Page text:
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Stedman and Hutchinson, comps. A Library of American Literature:
An Anthology in Eleven Volumes. 1891.
Vols. IX–XI: Literature of the Republic, Part IV., 1861–1889

To the Virginian Voyage

By Michael Drayton (1563–1631)

YOU brave heroic minds,

Worthy your country’s name,

That honour still pursue,

Whilst loit’ring hinds

Lurk here at home, with shame,

Go, and subdue.

Britons, you stay too long,

Quickly aboard bestow you,

And with a merry gale

Swell your stretch’d sail,

With vows as strong

As the winds that blow you.

Your course securely steer,

West and by south forth keep,

Rocks, lee-shores, nor shoals,

When Eolus scowls,

You need not fear,

So absolute the deep.

And cheerfully at sea

Success you still entice,

To get the pearl and gold,

And ours to hold


Earth’s only paradise.

Where nature hath in store

Fowl, venison, and fish,

And the fruitful’st soil,

Without your toil,

Three harvests more,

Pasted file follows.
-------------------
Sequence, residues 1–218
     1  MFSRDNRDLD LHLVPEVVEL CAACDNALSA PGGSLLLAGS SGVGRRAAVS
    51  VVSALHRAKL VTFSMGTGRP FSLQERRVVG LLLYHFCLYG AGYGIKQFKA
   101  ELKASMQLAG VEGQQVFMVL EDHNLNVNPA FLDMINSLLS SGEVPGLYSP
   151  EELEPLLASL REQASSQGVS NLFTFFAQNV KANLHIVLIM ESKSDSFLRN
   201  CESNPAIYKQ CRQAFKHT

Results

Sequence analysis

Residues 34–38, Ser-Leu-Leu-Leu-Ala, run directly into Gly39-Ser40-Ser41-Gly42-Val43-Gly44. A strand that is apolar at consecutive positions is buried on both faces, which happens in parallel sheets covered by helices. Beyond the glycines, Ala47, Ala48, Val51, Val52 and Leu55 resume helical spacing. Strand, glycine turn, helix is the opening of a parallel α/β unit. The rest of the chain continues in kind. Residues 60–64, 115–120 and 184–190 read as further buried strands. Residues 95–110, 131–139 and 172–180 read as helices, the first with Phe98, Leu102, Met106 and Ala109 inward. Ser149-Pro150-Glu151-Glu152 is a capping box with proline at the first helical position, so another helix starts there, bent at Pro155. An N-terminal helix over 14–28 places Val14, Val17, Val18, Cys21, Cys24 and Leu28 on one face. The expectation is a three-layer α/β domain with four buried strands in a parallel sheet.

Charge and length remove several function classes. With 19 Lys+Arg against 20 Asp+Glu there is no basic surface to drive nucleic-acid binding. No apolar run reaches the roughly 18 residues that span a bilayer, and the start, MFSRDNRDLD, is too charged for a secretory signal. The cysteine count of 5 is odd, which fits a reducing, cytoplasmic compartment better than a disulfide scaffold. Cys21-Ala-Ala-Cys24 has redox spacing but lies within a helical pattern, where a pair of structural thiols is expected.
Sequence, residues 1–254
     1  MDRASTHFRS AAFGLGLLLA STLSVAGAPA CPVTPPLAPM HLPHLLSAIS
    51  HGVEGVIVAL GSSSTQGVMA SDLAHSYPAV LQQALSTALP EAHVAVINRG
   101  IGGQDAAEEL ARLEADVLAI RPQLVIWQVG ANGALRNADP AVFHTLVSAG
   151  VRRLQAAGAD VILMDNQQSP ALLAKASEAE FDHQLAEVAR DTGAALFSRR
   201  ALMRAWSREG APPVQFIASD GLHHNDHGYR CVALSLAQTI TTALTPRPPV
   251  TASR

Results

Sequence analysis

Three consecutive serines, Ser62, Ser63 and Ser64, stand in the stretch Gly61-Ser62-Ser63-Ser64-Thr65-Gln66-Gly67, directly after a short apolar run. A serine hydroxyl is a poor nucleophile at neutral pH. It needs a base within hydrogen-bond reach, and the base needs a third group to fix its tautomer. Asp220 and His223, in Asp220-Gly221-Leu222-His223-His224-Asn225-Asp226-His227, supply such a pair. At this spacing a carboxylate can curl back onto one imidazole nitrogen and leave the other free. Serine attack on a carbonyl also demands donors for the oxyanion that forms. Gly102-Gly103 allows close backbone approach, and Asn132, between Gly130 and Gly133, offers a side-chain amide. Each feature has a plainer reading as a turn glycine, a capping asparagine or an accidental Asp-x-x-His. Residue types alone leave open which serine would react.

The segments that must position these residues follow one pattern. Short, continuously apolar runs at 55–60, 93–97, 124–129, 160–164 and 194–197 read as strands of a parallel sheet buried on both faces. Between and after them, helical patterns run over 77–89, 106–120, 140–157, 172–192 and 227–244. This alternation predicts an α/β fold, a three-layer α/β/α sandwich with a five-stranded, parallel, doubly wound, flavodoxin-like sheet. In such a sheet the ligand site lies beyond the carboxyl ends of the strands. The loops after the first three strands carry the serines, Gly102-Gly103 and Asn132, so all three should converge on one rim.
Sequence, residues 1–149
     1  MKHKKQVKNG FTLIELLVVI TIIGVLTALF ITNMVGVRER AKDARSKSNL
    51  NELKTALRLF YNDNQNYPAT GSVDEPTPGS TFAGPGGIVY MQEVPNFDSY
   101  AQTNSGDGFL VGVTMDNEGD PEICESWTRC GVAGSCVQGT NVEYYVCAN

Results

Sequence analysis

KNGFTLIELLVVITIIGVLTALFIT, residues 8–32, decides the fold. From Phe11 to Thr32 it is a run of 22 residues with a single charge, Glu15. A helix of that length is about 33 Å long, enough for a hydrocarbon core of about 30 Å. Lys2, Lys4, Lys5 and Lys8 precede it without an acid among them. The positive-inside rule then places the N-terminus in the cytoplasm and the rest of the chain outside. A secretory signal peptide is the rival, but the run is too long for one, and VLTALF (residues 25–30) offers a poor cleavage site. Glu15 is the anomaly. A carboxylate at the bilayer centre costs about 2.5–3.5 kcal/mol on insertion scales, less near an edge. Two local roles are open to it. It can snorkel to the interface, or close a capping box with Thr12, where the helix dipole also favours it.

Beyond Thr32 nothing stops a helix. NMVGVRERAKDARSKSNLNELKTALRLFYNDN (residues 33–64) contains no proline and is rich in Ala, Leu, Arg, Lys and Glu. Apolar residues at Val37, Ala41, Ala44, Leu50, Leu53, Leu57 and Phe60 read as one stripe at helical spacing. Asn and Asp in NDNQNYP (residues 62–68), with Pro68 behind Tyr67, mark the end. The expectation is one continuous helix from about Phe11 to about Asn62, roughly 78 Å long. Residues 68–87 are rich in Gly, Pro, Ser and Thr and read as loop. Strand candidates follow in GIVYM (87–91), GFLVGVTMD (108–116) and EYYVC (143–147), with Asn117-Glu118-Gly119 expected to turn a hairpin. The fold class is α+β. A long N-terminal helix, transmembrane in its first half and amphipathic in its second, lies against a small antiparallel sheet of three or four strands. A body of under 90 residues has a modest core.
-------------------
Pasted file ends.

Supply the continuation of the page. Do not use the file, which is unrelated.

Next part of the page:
All greater than your wish.

The ambitious vine

Crowns with his purple mass

The cedar reaching high

To kiss the sky,

The cypress, pine,

And useful sassafras.


When as the luscious smell

Of that delicious land,

Above the seas that flows,

The clear wind throws,

Your hearts to swell

Approaching the dear strand,

In kenning of the shore

(Thanks to God first given)

O you the happy’st men,

Be frolic then,

Let cannons roar,

Frighting the wide heaven.

And in regions far

Such heroes bring ye forth

As those from whom we came,

And plant our name

Under that star

Not known unto our north.

And as there plenty grows

Of laurel every where,

Apollo’s sacred tree,

You it may see,

A poet’s brows

To crown, that may sing there.